Make way for Priyanka

Friday, 9 May 2014 - 6:15am IST | Place: Mumbai | Agency: dna

Last week some friends and I decided to list down the worst conspiracy theories we had heard before this election season. The list included the usual rubbish like "Rahul Gandhi isn't getting married because he's homosexual" and "AAP is a Congress front meant to weaken the BJP". The scariest and most disturbing conspiracy theories however were "The BJP are going to announce Mr. Vajpayee's passing to gain sympathy votes before the election" and that "Priyanka isn't campaigning because she wants Rahul to lose and clear the way for Vadra". Both have been proven inaccurate, though the latters campaigning has left me a little disappointed.

I was always one of those people who thought that Priyanka was probably the smartest of the Gandhis. Her lack of being in the public eye usually meant jokes didn't go beyond questioning how lucky a man of Vadra's fancy dress costumes managed to end up with her. In her limited public appearances she seemed to have thought her opinion through unlike Rahul whose brain seemed to be playing Scrabble and making words on the spot without context. I figured if we were forced to live with the dynasty she seemed like the most palatable option.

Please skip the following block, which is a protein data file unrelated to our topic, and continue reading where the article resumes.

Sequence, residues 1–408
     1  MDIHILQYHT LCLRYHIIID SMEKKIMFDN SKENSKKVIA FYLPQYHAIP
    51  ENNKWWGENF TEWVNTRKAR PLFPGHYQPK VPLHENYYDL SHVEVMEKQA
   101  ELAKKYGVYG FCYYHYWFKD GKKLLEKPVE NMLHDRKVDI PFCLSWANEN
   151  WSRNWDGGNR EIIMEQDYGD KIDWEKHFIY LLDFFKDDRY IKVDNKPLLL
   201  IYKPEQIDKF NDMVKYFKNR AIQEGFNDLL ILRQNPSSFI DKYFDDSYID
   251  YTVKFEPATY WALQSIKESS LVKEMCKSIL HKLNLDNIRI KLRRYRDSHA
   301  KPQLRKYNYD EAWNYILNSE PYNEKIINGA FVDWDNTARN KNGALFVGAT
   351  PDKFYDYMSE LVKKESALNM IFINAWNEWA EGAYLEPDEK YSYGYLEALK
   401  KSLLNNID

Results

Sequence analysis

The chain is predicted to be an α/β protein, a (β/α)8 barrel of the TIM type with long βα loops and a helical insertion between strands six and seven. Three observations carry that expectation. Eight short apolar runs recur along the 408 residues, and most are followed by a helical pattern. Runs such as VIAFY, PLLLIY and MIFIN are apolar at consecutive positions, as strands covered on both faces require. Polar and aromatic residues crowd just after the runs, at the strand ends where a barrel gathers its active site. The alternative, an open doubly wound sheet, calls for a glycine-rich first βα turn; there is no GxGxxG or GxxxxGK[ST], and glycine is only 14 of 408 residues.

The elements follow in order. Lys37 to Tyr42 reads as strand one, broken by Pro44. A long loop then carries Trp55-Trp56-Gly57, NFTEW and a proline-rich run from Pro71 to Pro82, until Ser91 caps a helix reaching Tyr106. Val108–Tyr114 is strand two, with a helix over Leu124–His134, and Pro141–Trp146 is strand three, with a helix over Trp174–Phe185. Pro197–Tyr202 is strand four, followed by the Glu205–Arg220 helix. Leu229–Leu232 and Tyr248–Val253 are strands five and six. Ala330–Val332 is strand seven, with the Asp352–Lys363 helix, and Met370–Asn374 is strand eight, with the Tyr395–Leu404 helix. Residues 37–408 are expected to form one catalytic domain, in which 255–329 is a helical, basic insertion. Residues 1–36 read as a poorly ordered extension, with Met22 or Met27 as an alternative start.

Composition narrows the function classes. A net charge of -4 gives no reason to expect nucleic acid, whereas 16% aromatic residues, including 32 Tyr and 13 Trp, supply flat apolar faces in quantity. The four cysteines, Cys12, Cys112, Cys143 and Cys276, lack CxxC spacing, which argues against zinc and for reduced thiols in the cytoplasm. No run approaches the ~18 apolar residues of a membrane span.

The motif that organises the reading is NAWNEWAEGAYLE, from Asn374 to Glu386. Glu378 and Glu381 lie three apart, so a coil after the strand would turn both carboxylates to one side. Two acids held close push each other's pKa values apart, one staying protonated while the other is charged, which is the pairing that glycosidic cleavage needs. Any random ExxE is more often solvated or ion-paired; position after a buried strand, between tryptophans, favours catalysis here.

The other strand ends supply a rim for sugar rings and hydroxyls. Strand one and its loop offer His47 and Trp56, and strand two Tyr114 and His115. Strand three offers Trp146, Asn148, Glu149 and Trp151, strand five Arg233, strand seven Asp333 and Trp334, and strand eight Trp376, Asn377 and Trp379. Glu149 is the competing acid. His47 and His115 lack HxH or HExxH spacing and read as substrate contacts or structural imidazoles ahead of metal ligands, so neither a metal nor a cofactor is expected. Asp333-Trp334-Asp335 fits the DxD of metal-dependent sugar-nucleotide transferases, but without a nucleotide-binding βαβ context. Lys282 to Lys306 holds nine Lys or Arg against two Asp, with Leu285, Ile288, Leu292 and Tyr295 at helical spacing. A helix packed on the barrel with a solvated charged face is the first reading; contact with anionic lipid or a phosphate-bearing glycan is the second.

Perhaps it is because there is no other option in election season, but we're now sure she's cut from the same political cloth. This means excellent things for the Congress, who seemed to be desperately missing a fiery, no holds barred campaigner to reinvigorate their dejected cadre. Ofcourse she would disagree with every charge against Robert Vadra. Ofcourse she would spite Smriti Irani as a rival candidate. Ofcourse she would make grandiose comments against the oppositions ideology as is expected. What I didn't expect was her to campaign for a week and then say with a straight face that she doesn't want to be a part of politics. That statement means nothing in isolation but as a signal it means she's just another politician willing to trade barbs back and forth instead of talking about policy and do what one can to protect the family legacy. Not that there's anything wrong with that, but the expectations that we people had as her being a relative outsider who might be better off than the usual political class are now completely unfounded.

Despite her insistence that she doesn't want to enter politics, she already has. I doubt the Congress will be able to use her as a trump card every five years any longer. She is as ingrained as anyone else and if there's anything we would have learnt from this election season, it is that. Also Mr Vadra's commendable love for pink pants.

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